While we’re on the issue of ethnic markers, I want to note something that Sparks says on page 272, where he is evaluating the E. Theodore Mullen’s treatment of the Book of Deuteronomy’s view of Israelite ethnicity. Among the “issues that are integrally related to ethnicity”, Sparks lists “Questions about the forefathers, the patriarchs, ‘brother theology,’ holy war, and ethnic separatism”, and Sparks criticizes Mullen for not exploring those issues. We see here what Sparks regards as significant in identifying an ethnic consciousness: Is there a belief in common ancestry? Does the nation distinguish itself from other nations?
Back to page 328, Sparks says that Israelite ethnicity does not emphasize “language and phenotypical appearance.” As far as language goes, the Israelite language overlapped significantly with that of other people-groups in Palestine and the Transjordan.
What was the origin of Israel’s ethnic consciousness? Sparks refers to a variety of factors. Competition for resources intensifies ethnic consciousness. Wallerstein said that “ethnic sentiments appear and intensify when peripheral social modalities fall under the domination of a core imperialist power” (Sparks’ summary)—which Hosea demonstrates (and Hosea was ethnic because he referred to a common ancestor for Northern Israel and a common history, as well as sought to protect Israel’s uniqueness by opposing her practice of foreign religious customs). But Sparks argues that Wallerstein is not entirely correct on this, for Isaiah was responding to Assyrian imperialism, and yet we see in his work, not an intensification of ethnic identity, but rather of religious identity. Isaiah, after all, does not radically separate Israel from the nations, but envisions the day when all nations will worship the LORD.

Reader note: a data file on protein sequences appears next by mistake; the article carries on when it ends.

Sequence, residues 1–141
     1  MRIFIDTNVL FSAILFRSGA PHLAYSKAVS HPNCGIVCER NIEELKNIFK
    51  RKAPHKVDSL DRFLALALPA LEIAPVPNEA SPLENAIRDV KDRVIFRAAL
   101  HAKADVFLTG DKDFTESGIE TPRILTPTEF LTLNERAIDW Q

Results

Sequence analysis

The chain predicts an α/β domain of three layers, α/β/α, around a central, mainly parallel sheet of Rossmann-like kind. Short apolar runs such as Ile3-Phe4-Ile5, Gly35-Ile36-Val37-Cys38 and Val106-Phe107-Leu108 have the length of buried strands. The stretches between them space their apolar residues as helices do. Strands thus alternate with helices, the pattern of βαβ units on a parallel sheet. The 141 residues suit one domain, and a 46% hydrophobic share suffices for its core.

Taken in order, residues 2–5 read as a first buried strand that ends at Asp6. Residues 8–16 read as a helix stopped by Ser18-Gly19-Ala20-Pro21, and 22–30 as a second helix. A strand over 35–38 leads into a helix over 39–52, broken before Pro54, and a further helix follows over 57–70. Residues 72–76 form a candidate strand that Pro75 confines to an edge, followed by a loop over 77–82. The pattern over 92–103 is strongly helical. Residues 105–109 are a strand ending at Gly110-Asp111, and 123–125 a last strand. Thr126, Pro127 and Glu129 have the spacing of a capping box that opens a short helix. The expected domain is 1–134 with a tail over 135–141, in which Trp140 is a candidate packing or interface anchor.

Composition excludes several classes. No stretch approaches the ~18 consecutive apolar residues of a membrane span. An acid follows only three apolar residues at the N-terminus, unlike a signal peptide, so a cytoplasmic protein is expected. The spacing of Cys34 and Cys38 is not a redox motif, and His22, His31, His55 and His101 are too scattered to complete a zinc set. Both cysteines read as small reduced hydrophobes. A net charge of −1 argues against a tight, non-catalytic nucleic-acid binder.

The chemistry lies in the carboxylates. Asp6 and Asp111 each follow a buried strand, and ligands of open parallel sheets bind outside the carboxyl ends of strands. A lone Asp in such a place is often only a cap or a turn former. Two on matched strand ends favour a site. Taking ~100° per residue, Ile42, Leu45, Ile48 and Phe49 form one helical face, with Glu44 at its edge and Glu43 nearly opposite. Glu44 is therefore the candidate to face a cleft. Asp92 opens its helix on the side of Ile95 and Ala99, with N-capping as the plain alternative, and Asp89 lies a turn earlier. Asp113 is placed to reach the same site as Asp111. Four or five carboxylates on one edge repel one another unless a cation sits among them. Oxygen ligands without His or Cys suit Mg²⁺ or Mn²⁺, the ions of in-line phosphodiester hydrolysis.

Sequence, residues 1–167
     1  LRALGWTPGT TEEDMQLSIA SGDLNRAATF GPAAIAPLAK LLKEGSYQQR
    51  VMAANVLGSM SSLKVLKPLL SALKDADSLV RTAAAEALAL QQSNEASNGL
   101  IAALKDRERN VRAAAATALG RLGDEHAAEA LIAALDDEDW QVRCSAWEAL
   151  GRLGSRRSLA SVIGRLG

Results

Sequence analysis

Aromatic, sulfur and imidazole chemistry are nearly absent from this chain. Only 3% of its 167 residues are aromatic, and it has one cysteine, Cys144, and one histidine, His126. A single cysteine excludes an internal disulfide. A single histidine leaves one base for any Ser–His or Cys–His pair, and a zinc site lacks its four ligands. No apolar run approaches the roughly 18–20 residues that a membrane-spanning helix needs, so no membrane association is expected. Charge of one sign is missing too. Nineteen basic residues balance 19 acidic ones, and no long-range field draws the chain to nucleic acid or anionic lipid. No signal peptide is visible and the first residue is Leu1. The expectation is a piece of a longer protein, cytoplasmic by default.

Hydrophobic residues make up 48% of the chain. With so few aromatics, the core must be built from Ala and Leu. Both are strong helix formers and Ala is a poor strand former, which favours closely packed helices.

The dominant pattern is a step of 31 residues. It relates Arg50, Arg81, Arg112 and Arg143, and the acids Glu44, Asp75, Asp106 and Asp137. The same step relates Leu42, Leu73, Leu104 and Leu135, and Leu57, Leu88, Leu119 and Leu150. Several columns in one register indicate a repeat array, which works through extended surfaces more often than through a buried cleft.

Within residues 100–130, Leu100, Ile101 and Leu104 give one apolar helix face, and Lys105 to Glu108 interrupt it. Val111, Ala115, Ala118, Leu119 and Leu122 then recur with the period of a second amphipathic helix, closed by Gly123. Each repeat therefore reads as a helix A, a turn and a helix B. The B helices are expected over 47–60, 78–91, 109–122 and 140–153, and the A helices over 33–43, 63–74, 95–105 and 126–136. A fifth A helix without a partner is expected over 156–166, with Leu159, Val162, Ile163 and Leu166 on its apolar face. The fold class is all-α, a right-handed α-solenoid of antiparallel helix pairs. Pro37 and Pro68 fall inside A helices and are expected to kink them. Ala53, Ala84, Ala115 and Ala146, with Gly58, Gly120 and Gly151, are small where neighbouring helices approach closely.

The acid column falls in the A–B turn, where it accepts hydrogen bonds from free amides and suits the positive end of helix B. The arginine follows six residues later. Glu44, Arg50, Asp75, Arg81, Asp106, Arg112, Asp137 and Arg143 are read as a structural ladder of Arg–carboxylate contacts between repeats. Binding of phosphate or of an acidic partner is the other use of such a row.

Another thinker Sparks discusses is van den Berghe, who argues “that ethnicity is a natural extension of kinship” (Sparks’ summary). Deuteronomy’s attempt to posit a brotherhood between Northern Israelites and the people of Judah is an example of this.
Overall, I enjoyed Sparks’ book. I have heard that he wrote another book, God’s Words in Human Words: An Evangelical Appropriation of Critical Biblical Scholarship. I may read that at some point, since, right now, I’m not sure how I can reconcile critical scholarship of the Bible with faith.